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I am quite annoyed by meter manufacturers - who when I tested several different almost new meters and test strips, at the same time, from the same drop of blood, gave 3 widely differing results from 5.8 to 7.6. So I reported this to the assorted national theraputic goods admin and national diabetes associations - and I complained that the Chinese made Freestyle Neo - had an office in Australia, but a foreign call centre, that had people who could barely speak english and worked from a flow chart script. Their meter gave erratic readings, AND they had those idiotically awful Chinese manuals written in 1 mm high fonts - where diabetes is a life or death issue and they are writing the encyclopedia britannica of how to operate their equipment on the back of a postage stamp.

Grrrrrrrrrrr So I kicked up a stink about, "Don't you people ever think about these things, when you approve these blood glucose testing meters - that no one can read the instructions for them?"

If you can't read them, then you can't operate them....

Now into the issues.

What has ticked me off this time, is that I bought a new "True Metrix Air" blood glucose testing meter. On page 3 it says, "Perform Control Tests BEFORE performing a blood glucose test for the first time."

OK.... What with? There are no 2ml ampoules of testing solutions in the packet, with the meters? Of all the chemists - near and far, no one has got them either.

So I rang the company and got stuck into "Don't you get it" person who didn't get it.

I told them to include the control solutions in the packet, with the product....

I also asked them to tell me the formulation of the testing solutions so I could make my own.

Blood Glucose Testing machines, are for testing the glucose levels of HUMAN BLOOD - this bullshit spun by the manufacturers of the machines, stipulating that you have to use a solution, that is made for their machines - is an absolute lie.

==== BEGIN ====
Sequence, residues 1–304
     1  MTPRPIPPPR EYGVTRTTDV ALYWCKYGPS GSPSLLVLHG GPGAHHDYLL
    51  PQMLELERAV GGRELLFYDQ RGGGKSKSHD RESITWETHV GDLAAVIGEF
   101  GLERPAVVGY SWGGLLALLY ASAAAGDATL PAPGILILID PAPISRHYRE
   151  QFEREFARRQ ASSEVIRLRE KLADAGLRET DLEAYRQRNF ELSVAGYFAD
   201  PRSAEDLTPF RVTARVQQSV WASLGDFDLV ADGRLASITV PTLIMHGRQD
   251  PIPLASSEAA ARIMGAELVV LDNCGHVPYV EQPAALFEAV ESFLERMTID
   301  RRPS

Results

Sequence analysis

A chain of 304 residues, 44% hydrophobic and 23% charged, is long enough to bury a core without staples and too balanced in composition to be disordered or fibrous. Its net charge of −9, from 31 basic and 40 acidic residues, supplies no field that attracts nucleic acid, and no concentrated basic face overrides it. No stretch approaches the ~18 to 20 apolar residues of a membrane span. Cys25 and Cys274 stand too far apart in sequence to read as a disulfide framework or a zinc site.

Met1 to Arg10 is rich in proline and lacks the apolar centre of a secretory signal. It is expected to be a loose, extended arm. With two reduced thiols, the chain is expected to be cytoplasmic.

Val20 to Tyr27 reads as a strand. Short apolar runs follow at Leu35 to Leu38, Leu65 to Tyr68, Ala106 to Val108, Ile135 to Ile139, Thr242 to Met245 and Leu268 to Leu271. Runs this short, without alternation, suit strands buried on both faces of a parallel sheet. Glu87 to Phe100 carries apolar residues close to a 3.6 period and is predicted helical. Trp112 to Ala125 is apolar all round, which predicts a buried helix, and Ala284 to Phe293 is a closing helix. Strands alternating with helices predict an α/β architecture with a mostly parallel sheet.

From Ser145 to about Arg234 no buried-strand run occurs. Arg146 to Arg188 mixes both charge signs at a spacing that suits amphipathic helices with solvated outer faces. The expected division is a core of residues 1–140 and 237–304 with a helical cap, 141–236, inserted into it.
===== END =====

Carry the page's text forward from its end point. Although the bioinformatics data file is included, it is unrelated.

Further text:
Essentially I'd use distilled water, as the mineral content of tap waters can vary a lot, which could alter the readings, but what you are making is the precursor to an alcoholic beverege, by the adding of say 1 gram of glucose to 99 grams of water - a 1% glucose solution, and there may be other ingredients to alter the PH, to modify the surface tension, and to act as a preservative.

Given that small and highly accurate pocket sized digital scales are available for nix, and the solution would be used in the day, and then drunk, I see every reason to make a DIY 100 ml batch every month or three and to then test all the meters at the same time.

Blood serum replicas do not have to be absolutely accurate, but plasma has about 900mg of sodium chloride, 200mg of potassium chloride, it's PH is 7.2 - which is slightly alkaline. I am not sure of the surface tension of blood or the materials use in the test trips are blood-phillic - meaning they attract and flow blood across their surfaces, and into the chemically reactive testing electrodes.

Does anyone have a good idea of the more exact formulation of control testing solutions?

The only differences I can think of would be the dissolved glucose levels, would be a 1%, a 5% and a 10%, or 1%, 3% and a 5% range of solutions.

I could always do a blood test and then make a few replica solutions to see which one replicated the results of the blood test.

And then go from there.
 

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HI O4FFS, welcome to the forum. I'll try to respond to as much as I can in your post. If I missed something it could be because of some overlap I try to address later and just missed it.

I am quite annoyed by meter manufacturers - who when I tested several different almost new meters and test strips, at the same time, from the same drop of blood, gave 3 widely differing results from 5.8 to 7.6. So I reported this to the assorted national theraputic goods admin and national diabetes associations - and I complained that the Chinese made Freestyle Neo - had an office in Australia, but a foreign call centre, that had people who could barely speak english and worked from a flow chart script. Their meter gave erratic readings, AND they had those idiotically awful Chinese manuals written in 1 mm high fonts - where diabetes is a life or death issue and they are writing the encyclopedia britannica of how to operate their equipment on the back of a postage stamp.